# Dynamic Programming Problems

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Dynamic programming is a widely used concept and its often used for optimization. It refers to simplifying a complicated problem by breaking it down into simpler sub-problems in a recursive manner usually a bottom-up approach. There are two key attributes that a problem must have in order for dynamic programming to be applicable “Optimal substructure” and “Overlapping sub-problems”. To achieve its optimization, dynamic programming uses a concept called memoization.

Some common dynamic programming problems:

• edit distance problem
• weighted job ccheduling
• Fibonacci number
• longest common sub-sequence
• longest common sub-string

## Edit Distance algorithm

The problem statement is like if we are given two string `str1` and `str2` then how many minimum number of operations can be performed on the `str1` that it gets converted to `str2`.

Implementation in Java

Output

## Weighted Job Scheduling Algorithm

Weighted Job Scheduling Algorithm can also be denoted as Weighted Activity Selection Algorithm.

The problem is, given certain jobs with their start time and end time, and a proﬁt you make when you ﬁnish the job, what is the maximum proﬁt you can make given no two jobs can be executed in parallel?

This one looks like Activity Selection using Greedy Algorithm, but there’s an added twist. That is, instead of maximizing the number of jobs ﬁnished, we focus on making the maximum proﬁt. The number of jobs performed doesn’t matter here.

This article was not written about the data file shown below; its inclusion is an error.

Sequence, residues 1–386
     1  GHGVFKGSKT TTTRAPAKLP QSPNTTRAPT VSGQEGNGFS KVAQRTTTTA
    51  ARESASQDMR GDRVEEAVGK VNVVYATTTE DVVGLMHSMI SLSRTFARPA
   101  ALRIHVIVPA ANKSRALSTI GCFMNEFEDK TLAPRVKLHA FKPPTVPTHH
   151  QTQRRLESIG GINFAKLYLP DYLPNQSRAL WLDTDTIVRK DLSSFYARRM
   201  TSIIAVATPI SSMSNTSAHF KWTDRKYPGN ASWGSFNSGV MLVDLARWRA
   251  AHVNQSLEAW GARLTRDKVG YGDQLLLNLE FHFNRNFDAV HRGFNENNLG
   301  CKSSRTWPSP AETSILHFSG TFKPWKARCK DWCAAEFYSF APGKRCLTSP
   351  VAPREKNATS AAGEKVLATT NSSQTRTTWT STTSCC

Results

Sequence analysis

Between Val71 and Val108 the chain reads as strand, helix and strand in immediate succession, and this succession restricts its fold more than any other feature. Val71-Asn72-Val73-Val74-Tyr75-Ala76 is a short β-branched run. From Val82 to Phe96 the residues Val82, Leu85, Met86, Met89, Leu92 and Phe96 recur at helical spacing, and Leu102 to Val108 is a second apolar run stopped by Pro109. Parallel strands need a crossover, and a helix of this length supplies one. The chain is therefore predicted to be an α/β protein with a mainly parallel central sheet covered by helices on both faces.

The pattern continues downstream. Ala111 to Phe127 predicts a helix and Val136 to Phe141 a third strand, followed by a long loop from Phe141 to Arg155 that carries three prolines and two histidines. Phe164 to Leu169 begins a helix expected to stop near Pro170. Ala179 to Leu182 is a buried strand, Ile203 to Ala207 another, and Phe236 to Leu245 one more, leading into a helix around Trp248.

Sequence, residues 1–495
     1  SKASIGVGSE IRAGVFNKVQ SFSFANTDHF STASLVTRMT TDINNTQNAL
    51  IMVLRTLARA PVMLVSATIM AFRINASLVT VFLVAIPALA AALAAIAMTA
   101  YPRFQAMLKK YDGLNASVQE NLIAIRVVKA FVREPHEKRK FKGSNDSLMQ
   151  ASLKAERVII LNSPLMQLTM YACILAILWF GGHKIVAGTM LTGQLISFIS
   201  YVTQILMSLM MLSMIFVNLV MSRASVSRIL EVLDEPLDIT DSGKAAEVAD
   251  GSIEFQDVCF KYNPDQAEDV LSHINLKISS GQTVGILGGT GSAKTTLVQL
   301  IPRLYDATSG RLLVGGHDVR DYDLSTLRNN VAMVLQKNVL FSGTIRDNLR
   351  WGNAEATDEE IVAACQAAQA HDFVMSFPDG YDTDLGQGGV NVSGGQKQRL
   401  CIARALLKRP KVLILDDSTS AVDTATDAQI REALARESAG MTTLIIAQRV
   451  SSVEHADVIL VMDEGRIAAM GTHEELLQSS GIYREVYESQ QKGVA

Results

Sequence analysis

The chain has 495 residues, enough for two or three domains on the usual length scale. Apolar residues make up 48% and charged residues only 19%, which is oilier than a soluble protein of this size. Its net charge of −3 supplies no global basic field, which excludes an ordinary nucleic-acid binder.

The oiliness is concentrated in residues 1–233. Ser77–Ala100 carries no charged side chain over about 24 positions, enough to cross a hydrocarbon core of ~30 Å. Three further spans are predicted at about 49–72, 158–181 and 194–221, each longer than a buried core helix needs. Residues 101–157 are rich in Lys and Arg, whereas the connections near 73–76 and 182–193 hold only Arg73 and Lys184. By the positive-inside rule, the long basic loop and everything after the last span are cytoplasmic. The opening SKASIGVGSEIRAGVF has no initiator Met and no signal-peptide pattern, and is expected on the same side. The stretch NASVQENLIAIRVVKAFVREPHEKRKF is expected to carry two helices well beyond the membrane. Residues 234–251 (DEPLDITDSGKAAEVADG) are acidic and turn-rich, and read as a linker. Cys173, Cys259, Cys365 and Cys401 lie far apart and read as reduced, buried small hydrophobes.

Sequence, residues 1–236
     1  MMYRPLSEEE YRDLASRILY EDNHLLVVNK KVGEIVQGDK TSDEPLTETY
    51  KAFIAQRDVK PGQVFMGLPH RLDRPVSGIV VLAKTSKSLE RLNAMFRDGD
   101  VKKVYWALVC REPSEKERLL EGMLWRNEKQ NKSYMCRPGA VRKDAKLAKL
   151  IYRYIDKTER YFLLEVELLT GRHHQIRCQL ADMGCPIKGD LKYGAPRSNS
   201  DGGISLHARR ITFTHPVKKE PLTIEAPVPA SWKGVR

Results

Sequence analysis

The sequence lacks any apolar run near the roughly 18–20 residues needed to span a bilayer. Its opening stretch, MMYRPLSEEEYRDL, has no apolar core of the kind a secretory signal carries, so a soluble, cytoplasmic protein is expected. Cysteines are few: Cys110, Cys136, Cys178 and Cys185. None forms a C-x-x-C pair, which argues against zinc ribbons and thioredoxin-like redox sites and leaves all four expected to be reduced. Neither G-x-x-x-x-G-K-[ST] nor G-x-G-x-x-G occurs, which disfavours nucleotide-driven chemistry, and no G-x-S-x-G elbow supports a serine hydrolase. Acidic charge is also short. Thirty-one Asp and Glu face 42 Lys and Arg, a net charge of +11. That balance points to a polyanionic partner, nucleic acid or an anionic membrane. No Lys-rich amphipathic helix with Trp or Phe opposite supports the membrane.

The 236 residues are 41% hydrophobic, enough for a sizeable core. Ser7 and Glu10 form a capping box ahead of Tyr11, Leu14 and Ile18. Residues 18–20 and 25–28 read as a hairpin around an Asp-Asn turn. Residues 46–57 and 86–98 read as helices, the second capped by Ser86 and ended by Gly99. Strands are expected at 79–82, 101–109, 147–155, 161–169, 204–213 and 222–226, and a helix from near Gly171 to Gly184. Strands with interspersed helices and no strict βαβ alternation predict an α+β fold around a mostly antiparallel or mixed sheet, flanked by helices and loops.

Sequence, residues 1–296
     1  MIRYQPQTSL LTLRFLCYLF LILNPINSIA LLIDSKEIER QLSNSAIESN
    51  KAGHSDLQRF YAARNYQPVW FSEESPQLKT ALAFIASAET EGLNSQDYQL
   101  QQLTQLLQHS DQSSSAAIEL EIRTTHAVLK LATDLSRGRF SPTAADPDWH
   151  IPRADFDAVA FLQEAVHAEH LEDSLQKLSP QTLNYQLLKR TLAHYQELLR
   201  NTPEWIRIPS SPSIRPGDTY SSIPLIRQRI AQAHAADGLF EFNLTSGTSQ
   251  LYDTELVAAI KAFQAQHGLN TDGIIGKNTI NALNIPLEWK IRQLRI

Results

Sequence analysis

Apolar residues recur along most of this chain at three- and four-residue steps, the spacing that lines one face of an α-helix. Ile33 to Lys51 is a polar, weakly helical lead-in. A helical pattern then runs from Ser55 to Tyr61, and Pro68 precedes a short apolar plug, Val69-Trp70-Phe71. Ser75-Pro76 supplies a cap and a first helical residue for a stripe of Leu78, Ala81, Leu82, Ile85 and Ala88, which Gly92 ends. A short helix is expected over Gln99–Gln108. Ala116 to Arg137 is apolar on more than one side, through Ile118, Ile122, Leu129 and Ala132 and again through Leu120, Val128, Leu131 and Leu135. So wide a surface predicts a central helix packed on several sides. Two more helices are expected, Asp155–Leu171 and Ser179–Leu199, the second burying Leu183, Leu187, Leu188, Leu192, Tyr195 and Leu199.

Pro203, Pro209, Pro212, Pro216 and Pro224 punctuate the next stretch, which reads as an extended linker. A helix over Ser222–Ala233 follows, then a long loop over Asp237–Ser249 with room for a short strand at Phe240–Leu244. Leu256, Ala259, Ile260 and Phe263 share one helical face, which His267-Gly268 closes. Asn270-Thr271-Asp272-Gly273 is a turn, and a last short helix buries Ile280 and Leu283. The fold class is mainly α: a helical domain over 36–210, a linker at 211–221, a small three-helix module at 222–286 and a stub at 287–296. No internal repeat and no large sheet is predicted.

Let’s look at an example:

The jobs are denoted with a name, their start and ﬁnishing time and proﬁt. After a few iterations, we can ﬁnd out if we perform Job-A and Job-E, we can get the maximum proﬁt of 17. Now how to ﬁnd this out using an algorithm?

The ﬁrst thing we do is sort the jobs by their ﬁnishing time in non-decreasing order. Why do we do this? It’s because if we select a job that takes less time to ﬁnish, then we leave the most amount of time for choosing other jobs. We have:

We’ll have an additional temporary array Acc_Prof of size n (Here, n denotes the total number of jobs). This will contain the maximum accumulated proﬁt of performing the jobs. Don’t get it? Wait and watch. We’ll initialize the values of the array with the proﬁt of each jobs. That means, Acc_Prof[i] will at ﬁrst hold the proﬁt of performing i-th job.

Now let’s denote position 2 with i, and position 1 will be denoted with j. Our strategy will be to iterate j from 1 to i-1 and after each iteration, we will increment i by 1, until i becomes n+1.

We check if Job[i] and Job[j] overlap, that is, if the ﬁnish time of Job[j] is greater than Job[i]‘s start time, then these two jobs can’t be done together. However, if they don’t overlap, we’ll check if Acc_Prof[j] + Proﬁt[i] > Acc_Prof[i]. If this is the case, we will update Acc_Prof[i] = Acc_Prof[j] + Proﬁt[i]. That is:

Here Acc_Prof[j] + Proﬁt[i] represents the accumulated proﬁt of doing these two jobs toegther. Let’s check it for our example: